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After deciding to avoid doing anything about the 500,000 head of cattle that drowned tragically in North Wet Queensland this month, PETA are back in the headlines today with a new pointless campaign that stops just short of allowing domestic and farm animals the right to vote.
Today, they have social media giant SnapChat in their sights, as they move to start yet another unnecessary, unwinnable and oxygen-hogging (sorry, oxygen-dominating*) online battle against the status quo.
PETA say that through one of their most popular photo-filters, SnapChat are perpetuating a stigma that associates canines with promiscuity and low-intelligence.
The Dog-Filter, colloquially known as The Basic-Filter, was once thought to be a bit of harmless fun that allowed users to put out a thirst trap without too much judgement.
However, PETA have accused SnapChat and it’s users of species-appropriation by partaking in ‘dogface’.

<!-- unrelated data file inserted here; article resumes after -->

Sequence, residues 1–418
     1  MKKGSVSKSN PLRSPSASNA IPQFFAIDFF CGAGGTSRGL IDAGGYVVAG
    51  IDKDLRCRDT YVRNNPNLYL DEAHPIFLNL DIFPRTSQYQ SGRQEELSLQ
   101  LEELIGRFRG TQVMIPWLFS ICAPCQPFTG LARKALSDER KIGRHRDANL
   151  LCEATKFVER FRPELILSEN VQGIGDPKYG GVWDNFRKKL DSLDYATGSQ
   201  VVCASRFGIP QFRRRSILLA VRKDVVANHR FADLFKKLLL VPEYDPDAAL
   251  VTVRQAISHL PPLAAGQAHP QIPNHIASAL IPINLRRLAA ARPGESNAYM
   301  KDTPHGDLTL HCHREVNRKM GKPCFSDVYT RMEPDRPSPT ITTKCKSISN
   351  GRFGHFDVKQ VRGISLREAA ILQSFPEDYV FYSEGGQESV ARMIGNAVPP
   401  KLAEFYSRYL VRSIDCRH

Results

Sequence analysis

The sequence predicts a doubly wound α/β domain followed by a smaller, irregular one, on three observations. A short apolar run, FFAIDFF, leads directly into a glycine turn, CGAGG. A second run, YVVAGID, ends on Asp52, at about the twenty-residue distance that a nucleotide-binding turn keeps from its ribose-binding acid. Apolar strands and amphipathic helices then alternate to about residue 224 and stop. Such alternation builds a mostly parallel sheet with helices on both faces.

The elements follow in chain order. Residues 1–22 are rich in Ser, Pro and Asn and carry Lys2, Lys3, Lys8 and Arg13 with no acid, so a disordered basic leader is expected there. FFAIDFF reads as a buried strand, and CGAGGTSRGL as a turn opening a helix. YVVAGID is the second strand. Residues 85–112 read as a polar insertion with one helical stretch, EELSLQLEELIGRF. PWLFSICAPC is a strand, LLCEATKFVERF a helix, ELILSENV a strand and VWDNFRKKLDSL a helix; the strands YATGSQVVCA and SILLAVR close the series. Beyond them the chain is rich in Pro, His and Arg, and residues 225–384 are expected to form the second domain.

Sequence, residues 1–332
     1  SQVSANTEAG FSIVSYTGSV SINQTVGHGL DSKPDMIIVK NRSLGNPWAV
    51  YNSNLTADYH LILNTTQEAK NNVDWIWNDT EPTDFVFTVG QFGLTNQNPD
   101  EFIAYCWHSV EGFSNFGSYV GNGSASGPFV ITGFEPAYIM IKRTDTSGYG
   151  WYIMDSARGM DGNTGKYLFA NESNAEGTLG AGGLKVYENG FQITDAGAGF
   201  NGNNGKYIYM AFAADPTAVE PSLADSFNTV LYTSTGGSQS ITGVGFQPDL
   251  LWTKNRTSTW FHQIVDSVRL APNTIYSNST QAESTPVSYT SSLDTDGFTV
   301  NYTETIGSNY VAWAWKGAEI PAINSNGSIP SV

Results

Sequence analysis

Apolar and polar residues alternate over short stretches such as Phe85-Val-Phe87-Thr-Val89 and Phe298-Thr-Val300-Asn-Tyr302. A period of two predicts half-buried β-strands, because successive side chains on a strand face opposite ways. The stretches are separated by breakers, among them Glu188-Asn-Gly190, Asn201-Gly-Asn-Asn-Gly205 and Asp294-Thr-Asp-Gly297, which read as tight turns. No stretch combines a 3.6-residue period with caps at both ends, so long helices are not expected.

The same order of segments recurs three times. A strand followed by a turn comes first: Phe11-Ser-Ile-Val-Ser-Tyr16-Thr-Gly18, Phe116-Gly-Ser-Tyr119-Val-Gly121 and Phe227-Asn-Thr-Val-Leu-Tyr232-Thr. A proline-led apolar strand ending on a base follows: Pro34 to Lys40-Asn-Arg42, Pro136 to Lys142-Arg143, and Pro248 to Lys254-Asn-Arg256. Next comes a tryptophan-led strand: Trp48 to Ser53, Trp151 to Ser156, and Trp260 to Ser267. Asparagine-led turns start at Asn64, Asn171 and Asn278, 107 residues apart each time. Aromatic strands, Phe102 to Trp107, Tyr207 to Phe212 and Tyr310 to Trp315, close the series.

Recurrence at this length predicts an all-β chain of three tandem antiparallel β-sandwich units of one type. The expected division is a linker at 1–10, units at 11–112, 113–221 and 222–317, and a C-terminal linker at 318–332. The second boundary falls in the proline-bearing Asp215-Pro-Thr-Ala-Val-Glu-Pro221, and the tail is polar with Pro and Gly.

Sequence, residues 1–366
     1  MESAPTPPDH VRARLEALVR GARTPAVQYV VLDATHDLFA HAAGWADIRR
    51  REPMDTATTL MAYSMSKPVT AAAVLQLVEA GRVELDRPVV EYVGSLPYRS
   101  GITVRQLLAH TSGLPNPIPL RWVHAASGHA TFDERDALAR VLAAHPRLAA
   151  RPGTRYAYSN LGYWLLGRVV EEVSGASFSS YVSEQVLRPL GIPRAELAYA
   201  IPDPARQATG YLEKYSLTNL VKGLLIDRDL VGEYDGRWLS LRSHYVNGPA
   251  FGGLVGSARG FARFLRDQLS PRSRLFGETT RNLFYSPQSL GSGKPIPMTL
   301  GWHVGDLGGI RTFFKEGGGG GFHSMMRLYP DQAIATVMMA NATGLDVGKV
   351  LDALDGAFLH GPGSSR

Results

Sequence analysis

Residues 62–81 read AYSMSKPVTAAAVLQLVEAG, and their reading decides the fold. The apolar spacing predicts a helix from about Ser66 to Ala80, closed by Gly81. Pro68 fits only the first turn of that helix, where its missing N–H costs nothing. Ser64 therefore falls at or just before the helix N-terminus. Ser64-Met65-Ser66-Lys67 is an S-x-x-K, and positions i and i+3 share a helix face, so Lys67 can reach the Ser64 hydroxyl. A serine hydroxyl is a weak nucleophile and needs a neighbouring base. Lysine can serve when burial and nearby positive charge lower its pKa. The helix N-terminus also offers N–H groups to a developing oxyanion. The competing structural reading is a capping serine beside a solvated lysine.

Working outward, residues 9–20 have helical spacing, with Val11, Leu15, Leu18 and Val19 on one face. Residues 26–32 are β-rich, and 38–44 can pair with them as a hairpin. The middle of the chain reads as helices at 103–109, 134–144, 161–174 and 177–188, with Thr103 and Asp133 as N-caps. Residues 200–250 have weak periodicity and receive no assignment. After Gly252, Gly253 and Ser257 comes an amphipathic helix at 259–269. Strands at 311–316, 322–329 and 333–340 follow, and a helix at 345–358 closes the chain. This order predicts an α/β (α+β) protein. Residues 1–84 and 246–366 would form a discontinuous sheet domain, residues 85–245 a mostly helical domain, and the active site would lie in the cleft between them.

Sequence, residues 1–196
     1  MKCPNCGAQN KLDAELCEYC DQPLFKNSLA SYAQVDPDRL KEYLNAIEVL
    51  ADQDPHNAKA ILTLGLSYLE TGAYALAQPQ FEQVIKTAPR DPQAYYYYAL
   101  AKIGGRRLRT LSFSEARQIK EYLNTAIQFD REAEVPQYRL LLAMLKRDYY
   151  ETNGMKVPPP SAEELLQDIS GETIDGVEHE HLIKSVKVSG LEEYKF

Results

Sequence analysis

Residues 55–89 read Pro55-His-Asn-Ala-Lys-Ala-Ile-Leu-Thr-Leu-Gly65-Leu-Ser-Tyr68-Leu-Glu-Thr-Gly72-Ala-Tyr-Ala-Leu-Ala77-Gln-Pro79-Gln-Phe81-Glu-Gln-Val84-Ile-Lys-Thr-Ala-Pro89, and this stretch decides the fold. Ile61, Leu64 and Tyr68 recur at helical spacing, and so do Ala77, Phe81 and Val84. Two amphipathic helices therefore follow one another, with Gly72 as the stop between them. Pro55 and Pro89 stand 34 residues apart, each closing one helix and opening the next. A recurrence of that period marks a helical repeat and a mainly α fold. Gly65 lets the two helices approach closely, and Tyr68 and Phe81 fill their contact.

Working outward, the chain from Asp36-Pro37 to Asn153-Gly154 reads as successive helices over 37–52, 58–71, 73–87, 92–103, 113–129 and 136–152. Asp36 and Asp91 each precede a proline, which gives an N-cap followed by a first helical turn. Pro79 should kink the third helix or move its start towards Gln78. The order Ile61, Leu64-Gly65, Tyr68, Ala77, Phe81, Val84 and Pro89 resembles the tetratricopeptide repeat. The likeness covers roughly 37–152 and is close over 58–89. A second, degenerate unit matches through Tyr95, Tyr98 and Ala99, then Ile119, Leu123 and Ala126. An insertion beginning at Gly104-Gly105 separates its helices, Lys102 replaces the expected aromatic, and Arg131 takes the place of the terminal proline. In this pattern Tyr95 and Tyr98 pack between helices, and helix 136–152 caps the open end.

“It’s also quite problematic in that the people using this filter are the lowest of the low on that particular platform” says PETA spokesperson Banjo Clementè.
“This perpetuates a stereotype that dogs, as a species, are basic binches”
This comes just months after PETA’s last clanger, where they implied that common terms of phrase like ‘bring home the bacon’ was equivalent to full blown racism and homophobia.
“Just as it became unacceptable to use racist, homophobic, or ableist language, phrases that trivialize cruelty to animals will vanish as more people begin to appreciate animals for who they are and start ‘bringing home the bagels’ instead of the bacon,” PETA posted on Twitter.
In there latest waste of time, SnapChat have refused to give comment officially, but one of their marketing directors spoke to our newspaper off the record where they stated ‘literally no one gives a fuck lol.’
PETA say that you can say what you want about their opportunistic attacks on basic human behaviour but you should know that you will always be in the wrong because you are below the rats currently being used for product testing in the essential oils factories that they source most of their vaccination alternatives.